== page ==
Carnegie Mellon's Swartz Center for Entrepreneurship Earns I-Corps Renewal

Melanie SimkoMonday, August 21, 2017

 The co-founders of BuildSimHub: Zheng Zhang, Weili Xu and Haopeng Wang.

Carnegie Mellon University's Swartz Center for Entrepreneurship recently received a continuing grant from the National Science Foundation for its Innovation Corps (I-Corps) Sites program.

The I-Corps Sites program supports exploratory businesses created by teams interested in moving STEM research out of the lab and into the marketplace. CMU is one of 70 I-Corps sites nationwide and has been administering the program since 2014. It builds upon CMU's demonstrated strengths in fusing technology and entrepreneurship — recruiting and training entrepreneurial teams each academic year to accelerate business exploration and creation.

Since its inception, the CMU I-Corps Site has served 85 entrepreneurial teams comprising 267 faculty members, staff, students and alumni from all seven CMU colleges. To date, those teams have been awarded more than $11 million in additional funding for their ventures.

BioHybrid Solutions founders Alan Russell (CEO), Antonina Simakova (director of R&D) and Kris Matyjaszewski (CSO).

The principal investigator of CMU's I-Corps Site is Distinguished Career Professor of Computer Science Lenore Blum, faculty co-director of the Swartz Center for Entrepreneurship and founding director of its incubator program, Project Olympus. Co-PIs include David Mawhinney, executive director of the Swartz Center; Robert Dammon, dean of the Tepper School of Business; Andrew Moore, dean of the School of Computer Science; and Robert Wooldridge, director of the Center for Technology Transfer and Enterprise Creation.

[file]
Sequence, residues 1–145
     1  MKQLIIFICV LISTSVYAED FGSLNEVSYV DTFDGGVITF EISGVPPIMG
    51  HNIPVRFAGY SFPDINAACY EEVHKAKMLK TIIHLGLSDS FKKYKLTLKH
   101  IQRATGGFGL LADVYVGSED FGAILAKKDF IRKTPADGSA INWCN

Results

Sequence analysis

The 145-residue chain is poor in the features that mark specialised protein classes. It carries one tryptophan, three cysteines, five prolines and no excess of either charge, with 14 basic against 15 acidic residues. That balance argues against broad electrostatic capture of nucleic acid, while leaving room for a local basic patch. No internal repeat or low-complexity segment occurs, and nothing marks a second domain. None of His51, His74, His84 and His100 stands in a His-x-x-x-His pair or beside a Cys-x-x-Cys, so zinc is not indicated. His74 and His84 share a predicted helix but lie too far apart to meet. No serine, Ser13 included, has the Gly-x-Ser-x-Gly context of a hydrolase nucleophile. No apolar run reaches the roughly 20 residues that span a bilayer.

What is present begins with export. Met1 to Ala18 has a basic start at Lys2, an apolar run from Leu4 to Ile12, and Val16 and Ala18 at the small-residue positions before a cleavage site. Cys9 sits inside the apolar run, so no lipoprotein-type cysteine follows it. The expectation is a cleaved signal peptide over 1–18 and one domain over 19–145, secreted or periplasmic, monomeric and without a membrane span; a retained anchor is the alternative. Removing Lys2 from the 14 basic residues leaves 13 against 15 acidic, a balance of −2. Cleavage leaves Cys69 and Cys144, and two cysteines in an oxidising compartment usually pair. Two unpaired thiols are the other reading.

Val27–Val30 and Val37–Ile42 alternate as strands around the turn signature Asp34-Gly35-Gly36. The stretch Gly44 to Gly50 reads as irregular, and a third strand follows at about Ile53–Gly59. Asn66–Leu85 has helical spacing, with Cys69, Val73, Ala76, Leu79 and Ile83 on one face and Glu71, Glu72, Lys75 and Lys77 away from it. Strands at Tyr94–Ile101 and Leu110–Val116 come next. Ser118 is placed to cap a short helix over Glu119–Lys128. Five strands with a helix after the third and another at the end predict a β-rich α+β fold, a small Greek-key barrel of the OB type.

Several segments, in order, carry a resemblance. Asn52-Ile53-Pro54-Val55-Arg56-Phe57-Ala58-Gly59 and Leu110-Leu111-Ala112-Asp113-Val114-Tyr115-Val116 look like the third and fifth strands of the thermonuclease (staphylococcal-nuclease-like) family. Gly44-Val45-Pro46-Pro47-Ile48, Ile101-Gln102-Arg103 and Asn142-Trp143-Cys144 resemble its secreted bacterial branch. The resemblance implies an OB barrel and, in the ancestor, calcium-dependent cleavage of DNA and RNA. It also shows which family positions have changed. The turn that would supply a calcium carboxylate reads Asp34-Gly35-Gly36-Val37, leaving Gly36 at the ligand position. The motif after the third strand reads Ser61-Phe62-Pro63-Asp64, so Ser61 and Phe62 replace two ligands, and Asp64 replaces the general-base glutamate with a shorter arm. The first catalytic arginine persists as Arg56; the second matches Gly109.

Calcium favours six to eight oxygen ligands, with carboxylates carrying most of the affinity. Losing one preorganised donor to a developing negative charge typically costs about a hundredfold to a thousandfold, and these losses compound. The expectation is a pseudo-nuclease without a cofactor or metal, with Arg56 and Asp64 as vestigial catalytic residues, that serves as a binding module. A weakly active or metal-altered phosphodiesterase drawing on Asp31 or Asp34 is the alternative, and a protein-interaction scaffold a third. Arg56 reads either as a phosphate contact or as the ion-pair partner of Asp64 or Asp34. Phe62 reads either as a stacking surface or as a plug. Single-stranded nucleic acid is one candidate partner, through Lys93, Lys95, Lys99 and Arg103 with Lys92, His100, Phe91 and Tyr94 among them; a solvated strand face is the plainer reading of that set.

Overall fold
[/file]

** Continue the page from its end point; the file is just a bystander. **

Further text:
Several teams from CMU's I-Corps Site program have celebrated recent successes. In July, BuildSimHub, an innovative building energy modeling platform, was accepted to the 2017 class at the prestigious Techstars internet of things (IoT) accelerator in New York City. BioHybrid Solutions, a company developing next-generation biopolymer hybrids, received a $995,000 Department of Energy Small Business Innovation Research (SBIR) Phase II grant in June to develop cost-effective biodiesel fuel production methods. RoBotany, a company transforming modern indoor agriculture with automation and software analytics, leased 40,000 square feet of warehouse space on Pittsburgh's South Side — expanding from their origins as a 50-square-foot farm at CMU's Project Olympus. (For more on the I-Corps teams' successes, visit the Swartz Center's news page.)

RoBotany founders Austin Lawrence (CTO), Austin Webb (CEO), Brac Webb (CIO) and Danny Seim (COO).

The Swartz Center is recruiting its seventh cohort, which will start on Monday, Sept. 18. Application deadline is Friday, Sept. 8.

For additional information about the CMU I-Corps Sites program, contact CMU I-Corps Site Program Manager Melanie Simko.

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